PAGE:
QOD: Bob Braun Rebuts NJEA and SOS-NJ’s Claim that PARCC Tests are High Stakes for Students

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Bob Braun, New Jersey’s Diane Ravitch-clone, is outraged. Okay, that’s his usual posture, but this time his target isn’t Cory Booker or Cami Anderson or Chris Christie, but  NJEA and Save Our School-NJ’s push poll that pretends to quantify parents’ views on PARCC testing.

Braun’s disdain for NJEA and SOS-NJ  stems from his belief that both lobbying organizations are copping out by not demanding that teachers, enslaved by “privatizers who want to turn public education into a testing plantation where instructors are mere test coaches,” either refuse to administer state standardized tests or advise parents to “opt out” their children.  (Irony alert: apparently, teachers are either slaves to “privatizers” or slaves to union leaders.) The error-ridden survey, he says, is simply confirmation of  NJEA’s “awareness of…the organization’s dwindling power in the Legislature.”

Here’s Braun:

There is something disingenuous about the union’s position.  The problem here—the union and SOS-NJ agree—is the “high stakes” nature of the testing. But, in reality, the high stakes, so far, are really only an issue for teachers. Thanks to the new law limiting the power of tenure to protect experienced teachers, student test results can be used to evaluate instructors. That’s very high stakes.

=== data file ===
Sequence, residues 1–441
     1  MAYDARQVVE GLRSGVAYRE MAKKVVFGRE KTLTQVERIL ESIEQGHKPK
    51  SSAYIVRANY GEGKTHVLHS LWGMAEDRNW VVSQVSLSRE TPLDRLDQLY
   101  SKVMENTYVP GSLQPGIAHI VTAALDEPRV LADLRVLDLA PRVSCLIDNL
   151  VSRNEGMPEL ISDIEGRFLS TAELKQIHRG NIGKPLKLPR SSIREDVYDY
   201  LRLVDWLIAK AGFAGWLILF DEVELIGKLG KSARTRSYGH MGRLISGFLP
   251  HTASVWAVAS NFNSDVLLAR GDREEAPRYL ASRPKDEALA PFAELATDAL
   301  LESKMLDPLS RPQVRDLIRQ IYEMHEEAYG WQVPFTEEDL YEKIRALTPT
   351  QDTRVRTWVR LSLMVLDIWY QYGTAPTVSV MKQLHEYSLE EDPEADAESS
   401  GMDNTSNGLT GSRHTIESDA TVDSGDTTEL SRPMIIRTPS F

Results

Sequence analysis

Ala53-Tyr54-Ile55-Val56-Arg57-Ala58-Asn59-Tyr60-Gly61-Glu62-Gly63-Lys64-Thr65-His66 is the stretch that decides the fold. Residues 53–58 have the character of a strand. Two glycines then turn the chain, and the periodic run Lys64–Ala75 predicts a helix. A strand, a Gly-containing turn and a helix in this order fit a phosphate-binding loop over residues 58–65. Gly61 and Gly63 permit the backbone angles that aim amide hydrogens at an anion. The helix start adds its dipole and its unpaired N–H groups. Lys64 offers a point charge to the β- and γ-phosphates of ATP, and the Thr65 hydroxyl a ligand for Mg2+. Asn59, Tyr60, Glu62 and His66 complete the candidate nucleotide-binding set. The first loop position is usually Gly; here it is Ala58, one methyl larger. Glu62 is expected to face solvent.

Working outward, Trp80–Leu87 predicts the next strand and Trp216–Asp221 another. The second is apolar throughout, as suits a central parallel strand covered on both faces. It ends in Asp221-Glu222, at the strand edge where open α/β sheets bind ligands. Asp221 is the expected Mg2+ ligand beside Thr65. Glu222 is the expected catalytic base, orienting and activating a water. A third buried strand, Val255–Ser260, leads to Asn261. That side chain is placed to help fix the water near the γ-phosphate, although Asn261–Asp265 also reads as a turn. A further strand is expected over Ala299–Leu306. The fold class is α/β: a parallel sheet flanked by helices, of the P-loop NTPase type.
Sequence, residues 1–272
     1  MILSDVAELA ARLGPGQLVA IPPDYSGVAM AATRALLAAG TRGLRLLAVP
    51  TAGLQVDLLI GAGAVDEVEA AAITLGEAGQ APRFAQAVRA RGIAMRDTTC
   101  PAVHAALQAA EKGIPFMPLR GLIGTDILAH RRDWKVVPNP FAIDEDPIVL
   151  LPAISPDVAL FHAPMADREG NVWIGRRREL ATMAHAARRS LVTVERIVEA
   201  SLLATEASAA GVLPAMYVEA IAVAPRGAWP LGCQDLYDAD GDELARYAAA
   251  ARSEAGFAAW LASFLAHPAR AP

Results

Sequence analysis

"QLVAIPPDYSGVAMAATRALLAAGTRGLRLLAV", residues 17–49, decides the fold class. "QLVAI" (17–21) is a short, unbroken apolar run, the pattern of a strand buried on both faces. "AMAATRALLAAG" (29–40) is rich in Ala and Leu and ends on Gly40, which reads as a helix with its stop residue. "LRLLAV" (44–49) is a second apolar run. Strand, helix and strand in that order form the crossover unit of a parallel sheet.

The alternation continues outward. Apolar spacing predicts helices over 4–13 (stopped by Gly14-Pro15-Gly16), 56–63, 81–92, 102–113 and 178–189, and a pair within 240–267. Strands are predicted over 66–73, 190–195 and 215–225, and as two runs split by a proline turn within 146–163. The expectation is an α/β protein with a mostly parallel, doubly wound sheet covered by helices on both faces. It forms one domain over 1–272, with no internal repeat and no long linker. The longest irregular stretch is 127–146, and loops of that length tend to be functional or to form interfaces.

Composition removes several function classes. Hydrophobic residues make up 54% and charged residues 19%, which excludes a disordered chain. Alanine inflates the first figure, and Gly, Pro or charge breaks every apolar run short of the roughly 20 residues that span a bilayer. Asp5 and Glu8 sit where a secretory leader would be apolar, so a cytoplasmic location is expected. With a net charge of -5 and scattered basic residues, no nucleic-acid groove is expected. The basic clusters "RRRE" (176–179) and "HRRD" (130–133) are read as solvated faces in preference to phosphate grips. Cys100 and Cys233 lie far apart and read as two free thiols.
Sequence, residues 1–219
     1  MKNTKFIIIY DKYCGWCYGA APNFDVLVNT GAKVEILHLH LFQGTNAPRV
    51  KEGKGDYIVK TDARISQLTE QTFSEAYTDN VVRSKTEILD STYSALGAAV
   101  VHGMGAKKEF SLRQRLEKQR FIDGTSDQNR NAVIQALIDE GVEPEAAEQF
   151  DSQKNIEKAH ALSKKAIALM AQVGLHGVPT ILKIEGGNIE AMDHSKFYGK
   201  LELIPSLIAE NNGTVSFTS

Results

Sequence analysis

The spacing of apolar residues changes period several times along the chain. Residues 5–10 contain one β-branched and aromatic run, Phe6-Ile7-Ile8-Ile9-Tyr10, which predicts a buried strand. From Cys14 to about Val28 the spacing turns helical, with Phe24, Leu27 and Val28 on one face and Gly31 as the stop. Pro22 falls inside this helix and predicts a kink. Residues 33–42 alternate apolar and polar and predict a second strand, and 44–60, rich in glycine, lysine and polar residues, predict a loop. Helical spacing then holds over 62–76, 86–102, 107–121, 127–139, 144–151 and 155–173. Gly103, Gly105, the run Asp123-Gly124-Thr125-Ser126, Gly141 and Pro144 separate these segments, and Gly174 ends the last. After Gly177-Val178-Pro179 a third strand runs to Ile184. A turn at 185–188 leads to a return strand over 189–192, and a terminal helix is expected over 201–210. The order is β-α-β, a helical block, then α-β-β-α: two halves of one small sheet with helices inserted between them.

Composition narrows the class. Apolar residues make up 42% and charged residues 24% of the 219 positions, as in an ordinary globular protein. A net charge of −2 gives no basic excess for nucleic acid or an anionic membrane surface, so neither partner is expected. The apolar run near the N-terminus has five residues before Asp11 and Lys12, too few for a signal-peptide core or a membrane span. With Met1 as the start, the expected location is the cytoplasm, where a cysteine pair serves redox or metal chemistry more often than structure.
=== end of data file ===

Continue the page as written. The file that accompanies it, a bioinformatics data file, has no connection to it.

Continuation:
So far, however,  poor performance on PARCC has no consequences for students. It is not a graduation test. Not a promotion test. The best [SOS President Susan] Cauldwell could come up with is that it causes stress to children and diverts time and resources away from more productive educational activities. 

Those are unfortunate consequences of statewide testing but they are not “high stakes.”  Parents often face considerable self-imposed stress in their efforts to buy the right house in the right town and insist their children take all the right courses, excel at the right sports, and engage in the right extracurriculars and volunteer work so they can get into the most selective colleges possible. Those stresses, in many school districts throughout New Jersey, long preceded the stress caused by statewide testing. 

The union is only setting itself up for the inevitable criticism—that it is using parents to shield their real concern: The use of statewide test scores to evaluate the performance of teachers.

For my take on the push poll, see today’s column at WHYY’s Newsworks.
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